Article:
Subscribe
signup for free

Subscribe & Thrive


Monthly marketing tips delivered to your inbox.

*No spam. Promise.

Mailchimp popup

Strategy: What is the Big Picture?

hand with compass looking below at mountains

Strategy: What is the Big Picture?

All good strategies apply Strengths to maximise Opportunities.

Before we start preparing a marketing plan, we need to take an overview and look  at the big picture.

This is especially the case if you are starting out, or new in a role, or have joined a business where the marketing or sales targets are not being met. There’s a chance that the problem isn’t that the marketing doesn’t work, the problem could be with the strategy. By that, I don’t mean the marketing strategy, but the organisation’s strategy.

From time-to-time every organisation needs to reflect and take a bird’s eye view to make sure they have the right map.

Let’s take stock, take a breath, and look at the big picture and do some ‘macroeconomic research’.

 

Looking Outside

Research your Market

First up, we need to get an accurate picture of our industry and market. To do this, let’s do some desk research. IBISWorld is a repository of market research.

IBIS uses Porter’s Five Forces as its framework.

This was developed by Michael E. Porter in 1973 and is a useful way to get a big picture of an industry.

Threat of new entrants.

How easy is it to enter your industry and start competing?

For example is government regulation a barrier? Is technology and capital required?

The Buying Power of Customers.

What are the major market segments? What determines demand?

The Power of Suppliers.

Do suppliers wield a lot of power, or it is buyers? Are there issues along the supply chain?

For example: South Korea produces half the world’s chips for everything from smartphones to cars. South Korea had a diplomatic falling out with Japan who has been the supplier of the necessary chemicals to manufacture the chips.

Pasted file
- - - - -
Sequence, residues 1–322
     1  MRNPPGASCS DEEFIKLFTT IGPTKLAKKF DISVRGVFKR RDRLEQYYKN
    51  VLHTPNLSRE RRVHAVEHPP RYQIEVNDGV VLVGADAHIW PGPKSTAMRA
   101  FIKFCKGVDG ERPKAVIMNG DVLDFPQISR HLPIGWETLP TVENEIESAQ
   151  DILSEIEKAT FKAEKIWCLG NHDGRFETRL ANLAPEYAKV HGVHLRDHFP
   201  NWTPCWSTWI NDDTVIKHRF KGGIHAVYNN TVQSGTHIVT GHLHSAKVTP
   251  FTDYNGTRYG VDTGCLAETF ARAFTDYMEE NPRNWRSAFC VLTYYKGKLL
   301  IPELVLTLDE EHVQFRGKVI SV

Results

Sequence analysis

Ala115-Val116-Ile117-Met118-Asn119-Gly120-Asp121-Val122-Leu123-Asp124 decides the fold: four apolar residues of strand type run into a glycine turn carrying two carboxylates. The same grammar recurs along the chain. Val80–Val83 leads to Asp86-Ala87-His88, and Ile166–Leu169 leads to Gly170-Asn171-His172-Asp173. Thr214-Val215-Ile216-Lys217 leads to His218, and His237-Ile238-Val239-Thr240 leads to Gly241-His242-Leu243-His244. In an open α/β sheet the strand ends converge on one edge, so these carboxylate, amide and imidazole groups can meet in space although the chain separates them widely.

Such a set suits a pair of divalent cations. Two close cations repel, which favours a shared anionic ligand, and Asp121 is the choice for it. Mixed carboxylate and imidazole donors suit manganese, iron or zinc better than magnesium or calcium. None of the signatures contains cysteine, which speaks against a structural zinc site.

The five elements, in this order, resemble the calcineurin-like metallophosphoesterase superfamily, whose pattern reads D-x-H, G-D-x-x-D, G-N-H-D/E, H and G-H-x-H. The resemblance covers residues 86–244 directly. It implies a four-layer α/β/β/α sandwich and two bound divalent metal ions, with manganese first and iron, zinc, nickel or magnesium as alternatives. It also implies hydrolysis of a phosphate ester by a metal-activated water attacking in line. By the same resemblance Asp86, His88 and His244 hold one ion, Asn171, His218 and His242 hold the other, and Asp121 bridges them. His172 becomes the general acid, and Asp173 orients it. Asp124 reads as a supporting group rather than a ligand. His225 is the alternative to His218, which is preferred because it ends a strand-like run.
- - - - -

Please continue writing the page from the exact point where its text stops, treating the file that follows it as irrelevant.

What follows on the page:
Threat of Substitutes: How easy is it to substitute one service for another? Self-service is also a substitute.

Industry Competitors: Who are the main players? How is the landscape carved up?

Is there a monopoly, duopoly, a whole lot of bit players? Is it a red ocean?

Other places you can look at macro research are:

These will differ in whatever country you are in, but you get the gist.

If you have money to spend and what a detailed picture: Marketresearch.com has forecasts and detailed data for a fee.

Qualtrics is also a professional consultancy used by bigger organisations for a fee.

ibis in grass field

Photo by Tom Nora on Unsplash

IIBIS Research

I like IBIS because it’s an international trove of information with country-specific national data.

So let’s start by looking at IBIS. If you are a member of an educational institution or have access to IBIS’s full reports, go ahead and have a good read through yours. If you can’t access a paid subscription, there is still quality free overviews worth checking out.

Go to www.ibisworld.com.au and look up your industry.

Read through these and in the table below, extract only the KEY learnings you can take from this. Remember it is not about having lots and lots of information. It is about having just the key information from which you can draw intelligence.

Fill in the key data for your Industry.

 

industry table